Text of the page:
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der_Skorpion
06-03-2004, 07:09 PM
I heard this on the radio and thought you guys would appreciate it. Especially after the recent "Memorial Day" (Grab a tissue before you read) http://ubbxforums.ubi.com/images/smiley/cry.gif
Just a Common Soldier
He was getting old and paunchy and his hair was falling fast,
And he sat around the Legion, telling stories of the past.
Of a war that he had fought in, and the deeds that he had done.
In his exploits with his buddies; they were heroes, everyone.

And tho' sometimes, to his neighbors, his tales became a joke,
All his Legion buddies listened, for they knew whereof he spoke.
But we'll hear his tales no longer for old Bill has passed away,
And the world's a little poorer, for a soldier died today.

He will not be mourned by many, just his children and his wife.
For he lived an ordinary and quite uneventful life.
He held a job and raised a family, quietly going on his way,
And the world won't note his passing, though a Soldier died today.

When politicians leave this earth, their bodies lie in state,
While thousands note their passing, and proclaim that they were great.
Papers tell their whole life stories, from the time that they were young,
But the passing of a soldier, goes unnoticed, and unsung.

Is the greatest contribution to the welfare of our land
A guy who breaks his promises and cons his fellow man?
Or the ordinary fellow, who in times of war and strife,
Goes off to serve his Country and offers up his life?

A politician's stipend and the style in which he lives
Are sometimes disproportionate to the service that he gives.
While the ordinary soldier, who offered up his all,
Is paid off with a medal and perhaps a pension small.

It's so easy to forget them, for it was so long ago,
That the old Bills of our Country went to battle, but we know
It was not the politicians, with their compromise and ploys,
Who won for us the freedom, that our Country now enjoys.

Should you find yourself in danger, with your enemies at hand,
Would want a politician with his ever-shifting stand?
Or would you prefer a soldier, who has sworn to defend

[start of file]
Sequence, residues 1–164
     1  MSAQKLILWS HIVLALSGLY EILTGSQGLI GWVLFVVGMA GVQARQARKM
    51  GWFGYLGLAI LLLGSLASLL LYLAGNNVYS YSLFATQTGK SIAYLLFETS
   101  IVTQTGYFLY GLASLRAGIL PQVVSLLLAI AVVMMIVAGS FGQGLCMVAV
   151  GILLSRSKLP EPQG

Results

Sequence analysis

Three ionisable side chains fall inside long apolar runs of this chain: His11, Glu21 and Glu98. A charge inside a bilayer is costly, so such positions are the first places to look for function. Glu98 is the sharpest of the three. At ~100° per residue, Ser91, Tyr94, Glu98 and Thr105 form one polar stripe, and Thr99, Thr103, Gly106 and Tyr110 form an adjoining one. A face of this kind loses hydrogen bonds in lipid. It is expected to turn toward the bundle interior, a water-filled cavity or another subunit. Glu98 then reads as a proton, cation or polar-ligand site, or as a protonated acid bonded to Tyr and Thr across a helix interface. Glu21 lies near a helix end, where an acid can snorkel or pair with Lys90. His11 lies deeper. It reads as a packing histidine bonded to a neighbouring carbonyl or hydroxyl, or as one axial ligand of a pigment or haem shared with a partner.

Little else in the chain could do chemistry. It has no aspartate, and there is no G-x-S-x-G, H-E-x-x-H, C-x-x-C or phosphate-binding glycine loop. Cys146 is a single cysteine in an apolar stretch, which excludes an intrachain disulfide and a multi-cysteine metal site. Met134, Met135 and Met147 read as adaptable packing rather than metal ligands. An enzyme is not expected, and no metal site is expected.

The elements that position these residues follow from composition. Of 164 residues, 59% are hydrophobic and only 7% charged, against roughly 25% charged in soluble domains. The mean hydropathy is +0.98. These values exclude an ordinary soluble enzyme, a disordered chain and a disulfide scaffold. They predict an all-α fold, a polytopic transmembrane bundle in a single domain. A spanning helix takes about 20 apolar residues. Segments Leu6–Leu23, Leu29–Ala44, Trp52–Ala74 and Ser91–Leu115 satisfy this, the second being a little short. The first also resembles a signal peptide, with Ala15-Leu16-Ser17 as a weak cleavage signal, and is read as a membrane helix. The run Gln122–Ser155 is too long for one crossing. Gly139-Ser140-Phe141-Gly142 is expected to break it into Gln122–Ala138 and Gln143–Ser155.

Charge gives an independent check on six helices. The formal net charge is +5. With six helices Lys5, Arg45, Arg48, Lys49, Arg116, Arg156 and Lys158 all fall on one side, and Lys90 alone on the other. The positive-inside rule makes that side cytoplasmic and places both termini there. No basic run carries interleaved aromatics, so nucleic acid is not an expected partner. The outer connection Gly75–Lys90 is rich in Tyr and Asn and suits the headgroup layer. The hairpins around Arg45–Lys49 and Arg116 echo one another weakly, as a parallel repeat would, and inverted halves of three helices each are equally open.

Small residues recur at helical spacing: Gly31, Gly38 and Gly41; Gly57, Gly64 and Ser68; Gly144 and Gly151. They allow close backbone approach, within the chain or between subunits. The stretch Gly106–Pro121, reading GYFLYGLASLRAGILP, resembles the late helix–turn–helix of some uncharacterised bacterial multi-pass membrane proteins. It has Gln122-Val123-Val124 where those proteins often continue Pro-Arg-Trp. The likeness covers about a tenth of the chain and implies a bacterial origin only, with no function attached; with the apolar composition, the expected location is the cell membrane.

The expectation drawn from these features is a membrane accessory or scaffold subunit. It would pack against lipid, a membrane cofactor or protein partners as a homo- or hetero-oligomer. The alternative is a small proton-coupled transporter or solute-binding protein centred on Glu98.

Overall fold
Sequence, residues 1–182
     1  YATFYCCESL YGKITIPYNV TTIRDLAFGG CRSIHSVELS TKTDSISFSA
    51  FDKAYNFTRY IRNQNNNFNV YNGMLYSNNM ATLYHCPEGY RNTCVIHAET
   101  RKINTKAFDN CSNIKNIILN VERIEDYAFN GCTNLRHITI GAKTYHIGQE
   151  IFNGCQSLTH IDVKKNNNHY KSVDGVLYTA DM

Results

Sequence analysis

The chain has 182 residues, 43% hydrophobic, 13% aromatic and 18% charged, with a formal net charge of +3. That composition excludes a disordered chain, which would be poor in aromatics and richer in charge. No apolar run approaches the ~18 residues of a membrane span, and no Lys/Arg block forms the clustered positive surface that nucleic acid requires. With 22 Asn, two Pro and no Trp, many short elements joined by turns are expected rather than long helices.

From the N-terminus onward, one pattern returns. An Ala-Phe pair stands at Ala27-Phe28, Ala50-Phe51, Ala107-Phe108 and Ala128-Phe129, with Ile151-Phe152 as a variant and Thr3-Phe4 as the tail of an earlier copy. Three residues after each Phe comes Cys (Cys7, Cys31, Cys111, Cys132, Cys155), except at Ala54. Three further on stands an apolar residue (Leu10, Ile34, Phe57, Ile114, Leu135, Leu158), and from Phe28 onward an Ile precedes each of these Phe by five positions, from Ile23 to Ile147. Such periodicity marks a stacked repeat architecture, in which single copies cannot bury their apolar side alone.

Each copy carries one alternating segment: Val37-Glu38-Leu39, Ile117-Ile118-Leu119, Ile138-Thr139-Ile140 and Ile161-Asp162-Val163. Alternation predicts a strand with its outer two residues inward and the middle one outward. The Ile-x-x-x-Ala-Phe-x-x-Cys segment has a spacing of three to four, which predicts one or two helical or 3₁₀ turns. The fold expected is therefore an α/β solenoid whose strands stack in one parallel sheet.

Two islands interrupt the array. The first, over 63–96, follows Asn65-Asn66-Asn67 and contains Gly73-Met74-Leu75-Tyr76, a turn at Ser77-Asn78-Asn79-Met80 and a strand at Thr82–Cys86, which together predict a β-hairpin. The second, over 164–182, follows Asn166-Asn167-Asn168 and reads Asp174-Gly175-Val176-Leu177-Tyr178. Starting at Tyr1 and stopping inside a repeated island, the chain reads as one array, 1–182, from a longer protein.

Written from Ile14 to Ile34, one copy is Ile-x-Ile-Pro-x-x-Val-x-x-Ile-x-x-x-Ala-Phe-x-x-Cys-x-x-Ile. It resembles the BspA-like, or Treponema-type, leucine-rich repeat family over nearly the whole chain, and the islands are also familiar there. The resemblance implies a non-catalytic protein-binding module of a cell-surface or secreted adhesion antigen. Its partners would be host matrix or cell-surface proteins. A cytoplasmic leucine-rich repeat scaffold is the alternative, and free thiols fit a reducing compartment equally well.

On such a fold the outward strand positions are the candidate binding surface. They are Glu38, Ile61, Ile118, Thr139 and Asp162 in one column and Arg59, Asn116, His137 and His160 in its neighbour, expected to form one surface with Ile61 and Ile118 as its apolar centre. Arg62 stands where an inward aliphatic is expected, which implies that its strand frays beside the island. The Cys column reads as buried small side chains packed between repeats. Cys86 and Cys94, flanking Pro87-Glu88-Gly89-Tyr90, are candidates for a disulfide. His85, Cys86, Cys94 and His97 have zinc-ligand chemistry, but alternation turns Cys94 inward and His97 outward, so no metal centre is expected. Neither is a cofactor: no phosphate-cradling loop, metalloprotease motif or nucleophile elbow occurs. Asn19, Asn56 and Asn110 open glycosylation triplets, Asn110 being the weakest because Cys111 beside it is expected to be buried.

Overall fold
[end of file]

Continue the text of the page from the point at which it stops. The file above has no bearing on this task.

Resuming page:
His home, his kin and Country and would fight until the end?

He was just a common soldier and his ranks are growing thin,
But his presence should remind us we may need his like again.
For when countries are in conflict, then we find the Soldier's part,
Is to clean up all the troubles that the politicians start.

If we cannot do him honor while he's here to hear the praise,
Then at least let's give him homage at the ending of his days.
Perhaps just a simple headline in the paper that would say:
Our Country is in mourning, for a soldier died today.
BY:A. Lawrence Vaincourt (WW II Air Force veteran) wrote this poem in 1985 for his newspaper column and it was reprinted in his 1991 book RHYMES AND REFLECTIONS (available from its publisher at http://www.dialogue.ca/).

Der_Skorpion
Erkl√¬§ren Sie ihnen, die ich komme und H√¬∂lle kommt mit mir!!!

der_Skorpion
06-03-2004, 07:09 PM
I heard this on the radio and thought you guys would appreciate it. Especially after the recent "Memorial Day" (Grab a tissue before you read) http://ubbxforums.ubi.com/images/smiley/cry.gif
Just a Common Soldier
He was getting old and paunchy and his hair was falling fast,
And he sat around the Legion, telling stories of the past.
Of a war that he had fought in, and the deeds that he had done.
In his exploits with his buddies; they were heroes, everyone.

And tho' sometimes, to his neighbors, his tales became a joke,